Cloze Test Questions for NIACL Mains 2016

Directions (1-15): In the following passage, there are blanks each of which has been numbered. For each blank five words have been suggested, one of which fits the blank appropriately. Find out the appropriate word in each case. 

While most Christians are putting …(1)…their Christmas decorations, a substantial minority of them are only now preparing to …(2)…the Nativity of Jesus Christ. For some eastern Christians (those who refused to accept a calendar reform in the 1920s), the Nativity feast comes to a …(3)…today and tomorrow. Along with the churches of Georgia and Serbia and the Greek clerics of Mount Athos, Jerusalem and Sinai, the largest  …(4)… of people celebrating this weekend will be the Russians. 

For some really …(5)…Slavic households, the Eve of Christmas (January 6th by the Gregorian calendar) is a time of long, …(6)…services and a family meal which begins when the first star appears in the sky. Hay is  …(7)…about the house as a symbol of the Saviour’s modest beginnings and a white linen table-cloth is a reminder of the baby’s …(8)…clothes. The meal is elaborate but, like all food over the previous 40 days, free of meat or dairy; only the following day, after the pre-Nativity fast has come to an  …(9)…, can a nice dish of pork, or a coffee cake made with cream, be enjoyed. Historical  …(10)… of Russian Christmas often add that the tsar’s family observed Christmas with particular  …(11)…, borrowing extra customs from their German cousins, just as the British royals did.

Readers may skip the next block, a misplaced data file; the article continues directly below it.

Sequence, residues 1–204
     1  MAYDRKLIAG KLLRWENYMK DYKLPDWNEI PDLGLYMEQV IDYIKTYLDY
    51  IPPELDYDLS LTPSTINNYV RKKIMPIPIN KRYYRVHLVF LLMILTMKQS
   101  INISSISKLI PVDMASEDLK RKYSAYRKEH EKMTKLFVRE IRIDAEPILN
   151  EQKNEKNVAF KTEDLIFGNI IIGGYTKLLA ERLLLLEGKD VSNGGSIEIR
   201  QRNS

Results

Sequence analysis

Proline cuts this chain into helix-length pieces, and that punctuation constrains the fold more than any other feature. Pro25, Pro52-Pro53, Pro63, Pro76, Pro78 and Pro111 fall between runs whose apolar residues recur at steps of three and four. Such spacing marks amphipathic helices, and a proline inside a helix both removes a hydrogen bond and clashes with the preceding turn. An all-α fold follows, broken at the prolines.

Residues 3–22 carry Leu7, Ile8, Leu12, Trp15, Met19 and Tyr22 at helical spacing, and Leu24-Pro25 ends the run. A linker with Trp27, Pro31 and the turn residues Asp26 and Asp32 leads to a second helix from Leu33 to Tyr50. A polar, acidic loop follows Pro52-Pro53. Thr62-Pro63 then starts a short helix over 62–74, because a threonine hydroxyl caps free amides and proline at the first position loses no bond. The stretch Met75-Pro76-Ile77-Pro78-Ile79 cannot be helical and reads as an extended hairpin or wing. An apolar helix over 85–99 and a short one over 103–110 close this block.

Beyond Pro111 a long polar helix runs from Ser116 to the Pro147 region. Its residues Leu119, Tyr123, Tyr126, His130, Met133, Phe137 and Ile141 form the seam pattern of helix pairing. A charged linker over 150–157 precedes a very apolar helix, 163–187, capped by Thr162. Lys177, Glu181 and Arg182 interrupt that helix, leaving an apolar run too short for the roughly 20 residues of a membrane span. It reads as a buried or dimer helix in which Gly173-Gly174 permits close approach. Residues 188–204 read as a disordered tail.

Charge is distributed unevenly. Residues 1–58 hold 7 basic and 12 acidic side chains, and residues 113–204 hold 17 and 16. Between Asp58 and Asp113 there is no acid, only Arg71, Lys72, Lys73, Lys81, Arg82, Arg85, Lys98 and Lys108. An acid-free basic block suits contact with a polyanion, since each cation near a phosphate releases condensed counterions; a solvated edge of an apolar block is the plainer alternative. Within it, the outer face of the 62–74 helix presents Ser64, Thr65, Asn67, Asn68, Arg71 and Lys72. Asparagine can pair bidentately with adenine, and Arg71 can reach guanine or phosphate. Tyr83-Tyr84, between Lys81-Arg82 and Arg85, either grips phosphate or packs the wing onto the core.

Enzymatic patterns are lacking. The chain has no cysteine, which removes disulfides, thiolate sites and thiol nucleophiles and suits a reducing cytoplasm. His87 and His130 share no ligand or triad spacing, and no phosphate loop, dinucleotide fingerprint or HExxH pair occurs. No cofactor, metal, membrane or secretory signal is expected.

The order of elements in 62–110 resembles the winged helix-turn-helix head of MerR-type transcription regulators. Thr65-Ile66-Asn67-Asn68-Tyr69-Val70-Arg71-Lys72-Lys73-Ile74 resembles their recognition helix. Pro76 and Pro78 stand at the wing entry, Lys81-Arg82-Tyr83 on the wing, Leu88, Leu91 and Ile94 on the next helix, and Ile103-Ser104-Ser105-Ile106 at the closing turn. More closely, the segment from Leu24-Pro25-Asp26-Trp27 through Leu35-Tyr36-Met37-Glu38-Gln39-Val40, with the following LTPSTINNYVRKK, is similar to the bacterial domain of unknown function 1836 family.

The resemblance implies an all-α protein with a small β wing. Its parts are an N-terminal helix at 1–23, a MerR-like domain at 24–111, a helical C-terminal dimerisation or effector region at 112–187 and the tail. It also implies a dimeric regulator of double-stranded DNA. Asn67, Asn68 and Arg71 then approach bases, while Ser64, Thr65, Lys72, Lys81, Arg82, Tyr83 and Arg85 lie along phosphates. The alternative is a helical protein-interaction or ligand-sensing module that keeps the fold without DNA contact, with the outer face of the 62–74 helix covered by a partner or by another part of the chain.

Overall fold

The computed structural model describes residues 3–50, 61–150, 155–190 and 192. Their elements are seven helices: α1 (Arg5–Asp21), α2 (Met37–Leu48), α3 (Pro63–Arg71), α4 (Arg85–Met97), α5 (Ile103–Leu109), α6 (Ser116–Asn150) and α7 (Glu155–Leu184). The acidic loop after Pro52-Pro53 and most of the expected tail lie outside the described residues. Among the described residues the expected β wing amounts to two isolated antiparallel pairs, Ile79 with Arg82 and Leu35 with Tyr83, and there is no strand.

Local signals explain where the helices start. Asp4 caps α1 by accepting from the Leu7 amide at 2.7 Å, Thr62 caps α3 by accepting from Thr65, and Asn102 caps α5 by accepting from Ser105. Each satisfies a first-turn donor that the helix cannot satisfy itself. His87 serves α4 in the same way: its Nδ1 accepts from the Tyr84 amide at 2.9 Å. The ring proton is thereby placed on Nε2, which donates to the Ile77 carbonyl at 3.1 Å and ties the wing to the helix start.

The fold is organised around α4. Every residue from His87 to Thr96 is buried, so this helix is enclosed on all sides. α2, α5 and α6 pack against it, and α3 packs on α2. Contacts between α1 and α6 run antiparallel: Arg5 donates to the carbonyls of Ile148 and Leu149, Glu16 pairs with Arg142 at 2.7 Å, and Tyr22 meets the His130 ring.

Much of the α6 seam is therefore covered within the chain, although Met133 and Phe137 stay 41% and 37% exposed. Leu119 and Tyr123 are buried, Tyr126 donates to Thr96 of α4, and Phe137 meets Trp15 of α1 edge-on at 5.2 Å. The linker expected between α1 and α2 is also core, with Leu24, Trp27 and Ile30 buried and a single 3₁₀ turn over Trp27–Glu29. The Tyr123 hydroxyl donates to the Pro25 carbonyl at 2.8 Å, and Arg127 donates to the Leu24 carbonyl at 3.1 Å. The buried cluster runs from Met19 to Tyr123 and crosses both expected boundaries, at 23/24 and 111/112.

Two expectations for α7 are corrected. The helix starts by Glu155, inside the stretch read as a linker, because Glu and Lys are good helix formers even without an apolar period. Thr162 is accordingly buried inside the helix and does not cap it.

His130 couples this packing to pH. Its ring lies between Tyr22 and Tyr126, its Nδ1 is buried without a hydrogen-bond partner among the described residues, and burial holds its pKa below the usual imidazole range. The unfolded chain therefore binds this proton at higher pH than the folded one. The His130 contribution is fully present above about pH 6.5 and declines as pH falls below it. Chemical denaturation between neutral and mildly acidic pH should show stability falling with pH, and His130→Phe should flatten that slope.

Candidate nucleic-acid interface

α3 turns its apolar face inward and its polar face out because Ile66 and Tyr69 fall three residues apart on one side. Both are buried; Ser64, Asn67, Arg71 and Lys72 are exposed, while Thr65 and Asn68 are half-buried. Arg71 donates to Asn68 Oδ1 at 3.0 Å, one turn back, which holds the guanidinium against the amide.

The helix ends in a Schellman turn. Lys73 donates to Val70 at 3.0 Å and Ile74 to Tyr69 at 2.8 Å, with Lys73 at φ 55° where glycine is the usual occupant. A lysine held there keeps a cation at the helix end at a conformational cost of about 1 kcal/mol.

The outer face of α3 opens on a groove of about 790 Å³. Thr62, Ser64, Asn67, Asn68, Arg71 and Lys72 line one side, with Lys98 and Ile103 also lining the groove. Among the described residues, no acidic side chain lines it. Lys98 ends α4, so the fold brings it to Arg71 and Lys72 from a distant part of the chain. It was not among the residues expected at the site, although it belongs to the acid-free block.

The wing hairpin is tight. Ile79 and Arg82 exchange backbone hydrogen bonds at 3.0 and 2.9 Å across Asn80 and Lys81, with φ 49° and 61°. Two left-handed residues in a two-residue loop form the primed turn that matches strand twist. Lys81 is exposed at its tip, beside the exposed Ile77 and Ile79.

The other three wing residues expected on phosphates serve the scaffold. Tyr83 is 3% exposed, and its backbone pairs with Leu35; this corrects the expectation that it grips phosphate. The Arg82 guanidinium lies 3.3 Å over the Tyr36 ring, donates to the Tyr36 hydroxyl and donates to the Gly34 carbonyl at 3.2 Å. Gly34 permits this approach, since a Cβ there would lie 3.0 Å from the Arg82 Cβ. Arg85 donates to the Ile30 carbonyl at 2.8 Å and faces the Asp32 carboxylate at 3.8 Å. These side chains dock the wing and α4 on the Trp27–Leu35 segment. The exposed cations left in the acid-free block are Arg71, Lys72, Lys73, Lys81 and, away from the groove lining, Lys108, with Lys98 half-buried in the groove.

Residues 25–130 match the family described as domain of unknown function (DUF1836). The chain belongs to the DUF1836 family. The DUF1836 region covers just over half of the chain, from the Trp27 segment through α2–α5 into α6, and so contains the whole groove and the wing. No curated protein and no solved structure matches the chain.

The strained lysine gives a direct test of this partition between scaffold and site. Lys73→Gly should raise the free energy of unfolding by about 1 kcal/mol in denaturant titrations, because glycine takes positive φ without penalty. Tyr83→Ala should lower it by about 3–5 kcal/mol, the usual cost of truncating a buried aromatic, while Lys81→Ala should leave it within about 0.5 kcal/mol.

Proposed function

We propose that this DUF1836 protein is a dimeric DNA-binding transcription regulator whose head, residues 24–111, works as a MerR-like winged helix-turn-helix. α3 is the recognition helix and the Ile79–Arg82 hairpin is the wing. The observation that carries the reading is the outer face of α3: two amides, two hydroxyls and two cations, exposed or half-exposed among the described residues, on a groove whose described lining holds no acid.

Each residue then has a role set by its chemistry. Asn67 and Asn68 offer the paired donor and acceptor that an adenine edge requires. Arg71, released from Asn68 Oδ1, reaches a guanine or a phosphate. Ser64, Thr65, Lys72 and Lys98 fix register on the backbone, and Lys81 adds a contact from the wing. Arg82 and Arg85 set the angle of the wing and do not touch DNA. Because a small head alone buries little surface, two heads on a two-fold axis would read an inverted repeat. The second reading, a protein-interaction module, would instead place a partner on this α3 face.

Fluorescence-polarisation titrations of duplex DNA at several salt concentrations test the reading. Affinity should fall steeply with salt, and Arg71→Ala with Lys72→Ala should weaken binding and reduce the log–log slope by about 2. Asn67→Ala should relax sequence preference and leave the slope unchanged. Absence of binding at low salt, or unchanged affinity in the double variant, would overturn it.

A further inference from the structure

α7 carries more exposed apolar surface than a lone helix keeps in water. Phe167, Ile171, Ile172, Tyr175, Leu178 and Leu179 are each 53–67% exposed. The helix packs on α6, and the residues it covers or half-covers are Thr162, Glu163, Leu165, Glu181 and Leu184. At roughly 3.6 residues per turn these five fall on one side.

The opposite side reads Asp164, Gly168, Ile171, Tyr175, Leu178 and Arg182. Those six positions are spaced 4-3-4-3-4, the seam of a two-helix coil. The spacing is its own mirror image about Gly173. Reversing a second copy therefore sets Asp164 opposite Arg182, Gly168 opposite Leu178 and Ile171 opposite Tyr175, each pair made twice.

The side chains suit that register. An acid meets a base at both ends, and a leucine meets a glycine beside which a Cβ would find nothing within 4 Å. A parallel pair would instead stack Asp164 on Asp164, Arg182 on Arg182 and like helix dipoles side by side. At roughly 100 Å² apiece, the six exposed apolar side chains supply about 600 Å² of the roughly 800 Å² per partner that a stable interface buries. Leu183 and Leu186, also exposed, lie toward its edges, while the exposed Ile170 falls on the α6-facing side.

That’s what the text-books say, anyway. But the reality is that in Soviet times, Christmas was all but forgotten and people were successfully  …(12)… to focus their winter cheer and gift-giving on the new year. A secular “Grandfather Frost”  …(13)… Santa Claus (Saint Nicholas) as a provider of goodies to children. A quarter-century after the fall of communism, Russians still  …(14)… new year with  …(15)… while the observance of Christmas is a learning experience, not an unbroken folk memory.

(Source- The Economist)

(a) in
(b) away
(c) outside
(d) at
(e) with

(a) commercialise
(b) commence
(c) commemorate
(d) cremate
(e) calcify

(a) head
(b) path
(c) part
(d) creed
(e) shout

(a) elaborate
(b) pose
(c) hall
(d) continent
(e) contingent

(a) devout
(b) devote
(c) demoralised
(d) diminishing
(e) damage

(a) obsolete
(b) intricate
(c) initiate
(d) immense
(e) matriculate

(a) strewn
(b) sow
(c) strew
(d) littering
(e) broadcast

(a) happen
(b) outcast
(c) swapping
(d) swaddling
(e) curious

(a) start
(b) end
(c) beginning
(d) stop
(e) pause

(a) measures
(b) saying
(c) accounts
(d) fervor
(e) message

(a) sad
(b) sorrow
(c) enthusiast
(d) hassle
(e) gusto

(a) induced
(b) mused
(c) flatter
(d) conspire
(e) shown

(a) replaced
(b) regained
(c) placed
(d) made
(e) had

(a) attenuate
(b) manifest
(c) celebrating
(d) celebrate
(e) pacify

(a) sparkle
(b) luxury
(c) exuberance
(d) life
(e) pessimism